energy industry

Indonesia, ADB launch first coal power plant retirement deal


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Indonesia, ADB launch first coal power plant retirement deal

COAL. Coal is seen as heavy machinery unloads it from the barges into a truck to be distributed, at the Karya Citra Nusantara port in North Jakarta, Indonesia, January 13, 2022.

Willy Kurniawan/Reuters

The Cirebon 1 power plant in West Java would be refinanced in a $250-million to $300-million deal on condition that it be taken out of service 10 to 15 years before the end of its 40- to 50-year useful life

NUSA DUA, Indonesia – Indonesia, the Asian Development Bank (ADB), and a private power firm said on Monday, November 14, they are teaming up to refinance and prematurely retire a coal-fired power plant, the first such project under a groundbreaking carbon emissions reduction program.

The 660-megawatt Cirebon 1 power plant in West Java would be refinanced in a $250-million to $300-million deal on condition that it be taken out of service 10 to 15 years before the end of its 40- to 50-year useful life under a memorandum of understanding (MOU), ADB officials said.

The Manila-based multilateral lender and Indonesia’s Finance Minister Sri Mulyani Indrawati announced the MOU with independent power producer Cirebon Electric Power in Bali on the sidelines of the G20 leaders summit.

The deal, final details of which would be refined under the MOU, could eliminate as much as 30 million metric tons of greenhouse gas emissions over a 15-year period – the equivalent of taking 800,000 cars off the road, the ADB estimates.

The agreement is the first under the ADB’s Energy Transition Mechanism (ETM), an initiative to blend private investment funds, public finance, and philanthropic donations to buy up or refinance coal power plants in Southeast Asia to retire them early as the region shifts to renewable energy sources.

The ETM project, first reported by Reuters last year, was developed by the ADB with input from private sector firms including Prudential, Citi, and BlackRock to eliminate decades of future carbon emissions by altering the economics of coal plant operations.

“The problem of legacy coal-fired power in Southeast Asia qualifies as one of the single biggest problems for the energy transition, if not the world,” ADB Regional Vice President Ahmed Saeed told Reuters in an interview.

“With this announcement, we’re taking the first steps in what was an ambitious project and making it real,” he added.

The coal plant deal was anounced alongside a broader country platform for energy transition in Indonesia, which depends on coal for 60% of its power. Sri Mulyani told the event that the government had identified plants generating 15 gigawatts of electricity that could be retired early.

“Fifteen gigawatts – this is a really big size,” she said, adding that it would require “significant investment.”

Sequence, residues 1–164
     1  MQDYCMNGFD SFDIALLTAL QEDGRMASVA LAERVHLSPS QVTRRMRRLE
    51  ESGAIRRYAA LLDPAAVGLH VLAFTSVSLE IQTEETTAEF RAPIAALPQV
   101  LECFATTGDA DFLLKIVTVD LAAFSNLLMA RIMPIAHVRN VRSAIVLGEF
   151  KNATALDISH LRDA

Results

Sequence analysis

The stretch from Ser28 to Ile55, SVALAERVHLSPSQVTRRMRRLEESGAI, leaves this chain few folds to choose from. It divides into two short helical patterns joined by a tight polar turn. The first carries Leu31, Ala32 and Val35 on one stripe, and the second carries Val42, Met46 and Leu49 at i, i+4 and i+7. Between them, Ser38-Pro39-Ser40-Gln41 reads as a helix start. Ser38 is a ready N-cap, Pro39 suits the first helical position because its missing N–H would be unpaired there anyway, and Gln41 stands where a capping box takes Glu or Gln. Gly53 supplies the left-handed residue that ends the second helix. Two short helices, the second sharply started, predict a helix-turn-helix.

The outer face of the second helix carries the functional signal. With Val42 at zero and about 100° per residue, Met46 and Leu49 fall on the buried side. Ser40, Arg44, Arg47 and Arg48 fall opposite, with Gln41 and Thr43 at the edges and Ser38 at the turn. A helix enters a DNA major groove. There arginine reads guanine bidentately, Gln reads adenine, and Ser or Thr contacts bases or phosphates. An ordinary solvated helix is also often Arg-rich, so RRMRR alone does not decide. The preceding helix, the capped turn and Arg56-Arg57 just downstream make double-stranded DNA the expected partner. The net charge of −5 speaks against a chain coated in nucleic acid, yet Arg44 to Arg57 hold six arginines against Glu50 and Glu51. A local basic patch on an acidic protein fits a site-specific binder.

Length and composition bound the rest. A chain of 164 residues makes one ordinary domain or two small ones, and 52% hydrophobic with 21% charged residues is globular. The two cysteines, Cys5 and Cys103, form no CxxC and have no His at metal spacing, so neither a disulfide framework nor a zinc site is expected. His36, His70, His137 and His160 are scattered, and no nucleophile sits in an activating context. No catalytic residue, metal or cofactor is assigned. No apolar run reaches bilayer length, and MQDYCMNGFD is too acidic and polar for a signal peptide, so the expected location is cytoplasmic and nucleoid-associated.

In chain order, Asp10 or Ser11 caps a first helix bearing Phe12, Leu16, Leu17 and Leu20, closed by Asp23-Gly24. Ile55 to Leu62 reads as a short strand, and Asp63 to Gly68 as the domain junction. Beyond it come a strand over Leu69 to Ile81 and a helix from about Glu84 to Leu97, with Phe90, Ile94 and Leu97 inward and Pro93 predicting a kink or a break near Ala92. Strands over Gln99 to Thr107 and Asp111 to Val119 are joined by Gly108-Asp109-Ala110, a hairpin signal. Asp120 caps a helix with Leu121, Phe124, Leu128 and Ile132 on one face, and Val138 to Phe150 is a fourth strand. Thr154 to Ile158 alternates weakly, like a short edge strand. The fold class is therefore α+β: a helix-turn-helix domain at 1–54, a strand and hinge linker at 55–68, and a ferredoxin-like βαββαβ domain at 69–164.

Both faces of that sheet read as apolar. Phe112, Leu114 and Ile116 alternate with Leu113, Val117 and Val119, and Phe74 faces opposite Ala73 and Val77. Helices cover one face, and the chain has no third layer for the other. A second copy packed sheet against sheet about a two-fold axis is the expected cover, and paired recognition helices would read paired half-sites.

A new “Just Energy Transition Partnership” between rich countries and Indonesia is expected to be announced at the G20 summit on Tuesday.

Same owner, shorter life

The Cirebon 1 deal does not change the ownership structure for the 12-year-old plant, a key power supplier to Jakarta with a 30-year supply contract to state grid operator Perusahaan Listrik Negara (PLN).

Instead, it would compensate owner Cirebon Electric for the present value of foregone profits from the plant’s early retirement with a new, lower-interest concessional loan arranged through the ADB’s private sector arm, said David Elzinga, the ADB’s senior climate change energy specialist.

The deal will include funds from Indonesia’s $500-million allocation from the Climate Investment Fund, but the structure is still coming together, Elzinga said, adding that the ADB had initially requested a $50-million contribution from the fund.

The ADB also said a number of financial firms and philanthropic groups have expressed interest in participating in the transaction.

The deal also marks a shift of the initial ETM concept of an “acquire and retire” model to a “refinance and accelerate retirement” model, Saeed said, adding that Cirebon, whose shareholders include Japan’s Marubeni Corporation and Korean Midland Electric Power Company, was motivated to take an active role in the transition rather than simply offload the plan.

“It became clear that it’s a simpler structure to leave the existing owner in place,” Saeed said. “And so we could deliver economic value through financing as opposed to a change in equity ownership.”

The ADB officials said they expect the Cirebon deal to give private investors more confidence to explore future participation, and that the development finance institution’s leadership may help shield them from any negative public perceptions regarding new investments in coal financing.

The deal comes amid growing calls for multilateral development banks to stretch their balance sheets and harness more private sector capital to finance the massive investments needed to fight climate change. The World Bank is due to produce an evolution roadmap to meet these challenges in December. –

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